"$schema": "http://adaptivecards.io/schemas/adaptive-card.json",
      "version": "1.0",
      "speak": "{Index}, {Name} is located at {Street}"
    }

In the Point of Interest Skill, a route state model is passed to a Microsoft.Bot.Solutions method to render the populated card.

    // Populate card data model
    var routeDirectionsModel = new RouteDirectionsModelCardData()
    {
        Name = destination.Name,
        Street = destination.Street,
        City = destination.City,
        AvailableDetails = destination.AvailableDetails,
        Hours = destination.Hours,
        ImageUrl = destination.ImageUrl,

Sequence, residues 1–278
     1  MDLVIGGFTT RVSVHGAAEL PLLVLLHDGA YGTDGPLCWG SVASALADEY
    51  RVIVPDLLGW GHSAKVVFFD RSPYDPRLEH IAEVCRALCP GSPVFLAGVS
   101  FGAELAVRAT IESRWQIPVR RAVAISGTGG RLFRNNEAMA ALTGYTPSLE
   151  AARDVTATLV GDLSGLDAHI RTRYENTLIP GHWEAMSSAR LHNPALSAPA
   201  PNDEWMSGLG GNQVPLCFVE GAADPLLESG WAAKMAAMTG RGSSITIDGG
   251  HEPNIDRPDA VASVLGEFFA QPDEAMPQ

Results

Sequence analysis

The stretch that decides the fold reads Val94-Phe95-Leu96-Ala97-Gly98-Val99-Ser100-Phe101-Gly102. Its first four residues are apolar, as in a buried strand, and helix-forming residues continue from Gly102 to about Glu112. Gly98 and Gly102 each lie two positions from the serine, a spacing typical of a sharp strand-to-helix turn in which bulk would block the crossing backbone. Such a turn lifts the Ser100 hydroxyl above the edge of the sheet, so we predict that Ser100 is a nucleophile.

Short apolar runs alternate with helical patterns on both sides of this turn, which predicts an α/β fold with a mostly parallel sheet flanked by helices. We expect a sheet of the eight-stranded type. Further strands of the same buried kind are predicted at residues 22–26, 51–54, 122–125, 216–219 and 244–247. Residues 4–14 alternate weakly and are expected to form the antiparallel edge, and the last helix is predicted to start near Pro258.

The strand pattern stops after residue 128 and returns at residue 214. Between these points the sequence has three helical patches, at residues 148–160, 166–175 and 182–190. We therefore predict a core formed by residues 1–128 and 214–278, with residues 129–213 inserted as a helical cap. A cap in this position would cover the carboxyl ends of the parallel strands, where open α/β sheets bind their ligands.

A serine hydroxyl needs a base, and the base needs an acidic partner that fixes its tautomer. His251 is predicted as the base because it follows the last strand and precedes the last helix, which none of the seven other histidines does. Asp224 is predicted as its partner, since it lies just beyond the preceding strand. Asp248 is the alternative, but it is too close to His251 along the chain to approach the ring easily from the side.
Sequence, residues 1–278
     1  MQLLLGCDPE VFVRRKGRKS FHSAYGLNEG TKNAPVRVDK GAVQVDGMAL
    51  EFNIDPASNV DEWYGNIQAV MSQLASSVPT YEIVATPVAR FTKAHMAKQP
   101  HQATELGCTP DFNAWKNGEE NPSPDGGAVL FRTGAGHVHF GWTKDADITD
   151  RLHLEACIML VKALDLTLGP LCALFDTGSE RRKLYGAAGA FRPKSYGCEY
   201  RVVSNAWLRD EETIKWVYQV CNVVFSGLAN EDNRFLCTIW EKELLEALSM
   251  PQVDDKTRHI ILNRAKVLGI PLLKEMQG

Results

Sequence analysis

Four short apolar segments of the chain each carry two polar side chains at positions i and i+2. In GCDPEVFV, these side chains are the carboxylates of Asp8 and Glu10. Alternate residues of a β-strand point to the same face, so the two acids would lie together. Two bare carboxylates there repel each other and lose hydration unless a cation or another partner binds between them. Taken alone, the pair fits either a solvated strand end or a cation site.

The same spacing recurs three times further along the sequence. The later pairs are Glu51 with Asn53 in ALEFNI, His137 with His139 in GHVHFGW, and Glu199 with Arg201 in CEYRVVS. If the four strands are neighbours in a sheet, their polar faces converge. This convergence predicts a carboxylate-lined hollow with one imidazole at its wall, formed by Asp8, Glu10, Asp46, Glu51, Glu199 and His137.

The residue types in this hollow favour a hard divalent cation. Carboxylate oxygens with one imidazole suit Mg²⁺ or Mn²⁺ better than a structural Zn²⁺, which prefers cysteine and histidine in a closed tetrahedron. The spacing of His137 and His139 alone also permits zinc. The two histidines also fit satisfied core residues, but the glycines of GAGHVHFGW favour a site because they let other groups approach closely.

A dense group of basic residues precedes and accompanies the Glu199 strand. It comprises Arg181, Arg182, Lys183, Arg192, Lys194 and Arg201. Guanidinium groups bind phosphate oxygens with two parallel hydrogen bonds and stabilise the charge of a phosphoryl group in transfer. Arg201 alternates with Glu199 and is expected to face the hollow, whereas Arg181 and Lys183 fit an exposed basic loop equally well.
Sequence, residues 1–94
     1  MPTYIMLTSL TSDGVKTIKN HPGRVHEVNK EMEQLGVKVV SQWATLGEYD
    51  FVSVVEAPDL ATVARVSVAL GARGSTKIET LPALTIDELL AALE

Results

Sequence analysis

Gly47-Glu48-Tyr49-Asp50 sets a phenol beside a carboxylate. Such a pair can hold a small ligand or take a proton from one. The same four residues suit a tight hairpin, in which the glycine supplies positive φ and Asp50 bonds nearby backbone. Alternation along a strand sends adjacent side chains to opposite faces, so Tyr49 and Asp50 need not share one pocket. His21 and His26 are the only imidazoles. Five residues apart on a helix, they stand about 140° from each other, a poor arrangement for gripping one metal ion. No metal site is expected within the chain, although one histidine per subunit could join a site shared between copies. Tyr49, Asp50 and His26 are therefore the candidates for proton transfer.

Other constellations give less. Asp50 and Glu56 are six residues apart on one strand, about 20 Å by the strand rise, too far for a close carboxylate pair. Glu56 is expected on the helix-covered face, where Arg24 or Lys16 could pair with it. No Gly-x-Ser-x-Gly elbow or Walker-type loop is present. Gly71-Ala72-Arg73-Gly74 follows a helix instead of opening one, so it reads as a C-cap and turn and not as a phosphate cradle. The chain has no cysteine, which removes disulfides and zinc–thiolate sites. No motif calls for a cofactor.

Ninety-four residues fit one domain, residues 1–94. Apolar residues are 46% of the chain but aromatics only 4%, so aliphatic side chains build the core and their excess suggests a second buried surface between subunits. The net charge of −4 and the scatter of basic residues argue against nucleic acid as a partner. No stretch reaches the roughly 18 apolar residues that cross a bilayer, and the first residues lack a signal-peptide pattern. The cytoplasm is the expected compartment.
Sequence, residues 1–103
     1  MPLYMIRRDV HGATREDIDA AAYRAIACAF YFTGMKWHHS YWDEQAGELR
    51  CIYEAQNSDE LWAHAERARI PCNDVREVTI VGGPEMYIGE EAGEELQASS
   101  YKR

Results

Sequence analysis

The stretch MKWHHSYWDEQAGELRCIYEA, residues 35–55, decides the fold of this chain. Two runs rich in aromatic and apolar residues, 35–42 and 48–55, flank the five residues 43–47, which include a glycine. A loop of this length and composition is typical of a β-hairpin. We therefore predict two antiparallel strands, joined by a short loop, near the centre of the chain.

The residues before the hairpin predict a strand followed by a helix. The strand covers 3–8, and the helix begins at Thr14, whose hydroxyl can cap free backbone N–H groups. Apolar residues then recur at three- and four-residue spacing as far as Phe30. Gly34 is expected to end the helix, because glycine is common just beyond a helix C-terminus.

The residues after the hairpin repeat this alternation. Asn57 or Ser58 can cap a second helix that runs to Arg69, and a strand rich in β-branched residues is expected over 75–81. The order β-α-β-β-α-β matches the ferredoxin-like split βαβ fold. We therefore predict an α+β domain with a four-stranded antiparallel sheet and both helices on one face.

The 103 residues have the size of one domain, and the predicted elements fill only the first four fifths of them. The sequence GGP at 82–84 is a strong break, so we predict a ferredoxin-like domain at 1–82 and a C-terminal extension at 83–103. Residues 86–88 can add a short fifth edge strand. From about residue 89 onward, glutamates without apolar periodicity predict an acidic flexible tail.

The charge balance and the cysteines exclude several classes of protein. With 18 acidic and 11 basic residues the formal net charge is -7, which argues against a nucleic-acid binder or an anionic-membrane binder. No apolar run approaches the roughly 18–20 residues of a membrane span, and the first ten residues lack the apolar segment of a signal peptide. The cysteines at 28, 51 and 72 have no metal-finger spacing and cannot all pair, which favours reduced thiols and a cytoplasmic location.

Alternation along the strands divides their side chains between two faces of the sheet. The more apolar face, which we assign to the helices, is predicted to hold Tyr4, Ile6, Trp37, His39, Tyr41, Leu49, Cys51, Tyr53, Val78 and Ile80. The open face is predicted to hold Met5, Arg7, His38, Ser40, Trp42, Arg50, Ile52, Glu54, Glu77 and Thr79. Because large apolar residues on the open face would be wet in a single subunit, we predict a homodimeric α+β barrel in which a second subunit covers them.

TravelTime = GetShortTravelTimespanString(travelTimeSpan),
        DelayStatus = GetFormattedTrafficDelayString(trafficTimeSpan),
        Distance = $"{(route.Summary.LengthInMeters / 1609.344).ToString("N1")} {PointOfInterestSharedStrings.MILES_ABBREVIATION}",
        ETA = route.Summary.ArrivalTime.ToShortTimeString(),
        TravelTimeSpeak = GetFormattedTravelTimeSpanString(travelTimeSpan),
        TravelDelaySpeak = GetFormattedTrafficDelayString(trafficTimeSpan)
    };

    // Instantiate a new Card with reference to above JSON
    var card = new Card("RouteDirectionsViewCard", routeDirectionsModel);

    // Generate card response from the Skill
    var replyMessage = ResponseManager.GetCardResponse(POISharedResponses.SingleRouteFound, card);

Use prompts to enable smart option matching

When a Skill needs to gather information with users, it should use the prompts available in the SDK library. These enable developers to validate responses with specific data types or create custom validation rules.